Teaching a Child With Autism to Request Breaks While Concurrently Increasing Task Engagement Purpose An intervention package, including teaching break requests and tolerance for delay in reinforcement delivery to increase task engagement, was implemented with a 4-year-old child with an autism spectrum disorder who did not engage for a duration commensurate with individual education program team expectations. Method A multiple-probe design ... Research Article
Research Article  |   July 2015
Teaching a Child With Autism to Request Breaks While Concurrently Increasing Task Engagement
 
Author Affiliations & Notes
  • Shelley R. Kreibich
    University of Minnesota–Twin Cities, Minneapolis
  • Mo Chen
    University of Minnesota–Twin Cities, Minneapolis
  • Joe Reichle
    University of Minnesota–Twin Cities, Minneapolis
  • Disclosure: The authors have declared that no competing interests existed at the time of publication.
    Disclosure: The authors have declared that no competing interests existed at the time of publication.×
  • Correspondence to Joe Reichle: reich001@umn.edu
  • Editor: Marilyn Nippold
    Editor: Marilyn Nippold×
  • Associate Editor: Jeannene Ward-Lonergan
    Associate Editor: Jeannene Ward-Lonergan×
  • Copyright © 2015 American Speech-Language-Hearing Association
Article Information
Special Populations / Autism Spectrum / Research Articles
Research Article   |   July 2015
Teaching a Child With Autism to Request Breaks While Concurrently Increasing Task Engagement
Language, Speech, and Hearing Services in Schools, July 2015, Vol. 46, 256-265. doi:10.1044/2015_LSHSS-14-0081
History: Received September 3, 2014 , Revised January 27, 2015 , Accepted April 16, 2015
 
Language, Speech, and Hearing Services in Schools, July 2015, Vol. 46, 256-265. doi:10.1044/2015_LSHSS-14-0081
History: Received September 3, 2014; Revised January 27, 2015; Accepted April 16, 2015

Purpose An intervention package, including teaching break requests and tolerance for delay in reinforcement delivery to increase task engagement, was implemented with a 4-year-old child with an autism spectrum disorder who did not engage for a duration commensurate with individual education program team expectations.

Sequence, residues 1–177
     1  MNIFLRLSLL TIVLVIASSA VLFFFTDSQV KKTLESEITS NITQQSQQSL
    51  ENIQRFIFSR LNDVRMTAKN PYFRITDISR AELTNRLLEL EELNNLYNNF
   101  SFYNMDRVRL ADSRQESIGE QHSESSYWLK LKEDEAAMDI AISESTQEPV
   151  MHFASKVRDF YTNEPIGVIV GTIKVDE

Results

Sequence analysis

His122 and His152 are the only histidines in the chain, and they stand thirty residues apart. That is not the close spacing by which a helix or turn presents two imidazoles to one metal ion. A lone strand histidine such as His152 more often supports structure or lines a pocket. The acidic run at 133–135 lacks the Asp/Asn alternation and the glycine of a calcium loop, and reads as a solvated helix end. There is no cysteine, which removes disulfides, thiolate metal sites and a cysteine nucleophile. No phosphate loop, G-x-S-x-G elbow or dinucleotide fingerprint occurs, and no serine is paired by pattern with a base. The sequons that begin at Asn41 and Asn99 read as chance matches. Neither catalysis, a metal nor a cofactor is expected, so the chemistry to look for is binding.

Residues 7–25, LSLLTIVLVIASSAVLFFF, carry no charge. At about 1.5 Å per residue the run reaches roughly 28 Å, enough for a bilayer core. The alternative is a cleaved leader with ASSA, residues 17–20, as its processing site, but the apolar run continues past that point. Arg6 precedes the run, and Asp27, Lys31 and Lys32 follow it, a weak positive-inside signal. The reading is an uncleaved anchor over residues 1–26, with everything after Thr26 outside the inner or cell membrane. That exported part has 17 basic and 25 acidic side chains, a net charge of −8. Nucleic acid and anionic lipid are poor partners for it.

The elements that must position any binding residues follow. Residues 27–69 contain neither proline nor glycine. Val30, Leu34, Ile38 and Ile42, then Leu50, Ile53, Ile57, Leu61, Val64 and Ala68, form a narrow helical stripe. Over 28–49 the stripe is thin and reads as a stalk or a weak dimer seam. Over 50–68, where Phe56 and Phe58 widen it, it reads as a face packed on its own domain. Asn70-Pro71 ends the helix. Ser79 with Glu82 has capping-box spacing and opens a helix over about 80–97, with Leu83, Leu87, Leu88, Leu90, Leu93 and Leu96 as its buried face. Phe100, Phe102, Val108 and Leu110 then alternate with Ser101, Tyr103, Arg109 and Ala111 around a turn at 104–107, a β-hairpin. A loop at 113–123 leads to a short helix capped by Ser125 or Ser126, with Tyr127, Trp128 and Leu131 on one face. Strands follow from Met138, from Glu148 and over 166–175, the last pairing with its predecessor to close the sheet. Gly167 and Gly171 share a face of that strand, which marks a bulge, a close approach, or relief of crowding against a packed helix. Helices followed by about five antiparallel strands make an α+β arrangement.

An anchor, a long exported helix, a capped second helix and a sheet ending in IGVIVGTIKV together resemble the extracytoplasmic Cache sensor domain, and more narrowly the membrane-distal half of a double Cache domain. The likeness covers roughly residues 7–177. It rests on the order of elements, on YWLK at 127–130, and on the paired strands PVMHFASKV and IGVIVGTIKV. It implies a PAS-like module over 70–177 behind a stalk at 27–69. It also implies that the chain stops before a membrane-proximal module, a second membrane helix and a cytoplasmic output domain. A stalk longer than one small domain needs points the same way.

Method A multiple-probe design across tasks was implemented. Dependent measures taken included engagement duration and the production of spoken break requests after work completion. Intervention was implemented with tasks involving short periods of engagement prior to the learner's disengagement. The possibility of the learner's overgeneralized production of break requests with tasks originally associated with longer engagement was also examined.

Results The participant learned to request breaks in short engagement tasks. In addition, engagement increased dramatically without off-task behavior. Overgeneralized use of break requests with long engagement tasks did not occur. Generalization of break requests to untrained short engagement tasks that were not the focus of intervention (but were associated with escape and short engagement) did not occur until the intervention package was implemented.

Conclusions The combination of teaching break requests and tolerance for delay in reinforcement delivery was effective in addressing problem behavior. Implications for enhancing properly generalized and moderated use of break requests across different tasks or contexts are discussed.

Acknowledgments
This research was supported, in part, by Maternal and Child Health Bureau Grant 2-T73MC12835-03-00, awarded to the University of Minnesota. We wish to acknowledge Quannah Parker-McGowen and Hannah Julien, doctoral students at the University of Minnesota. We thank Paige Berland, Camille Hayman, Emily Tuatges, and Julie Kraft for their assistance.
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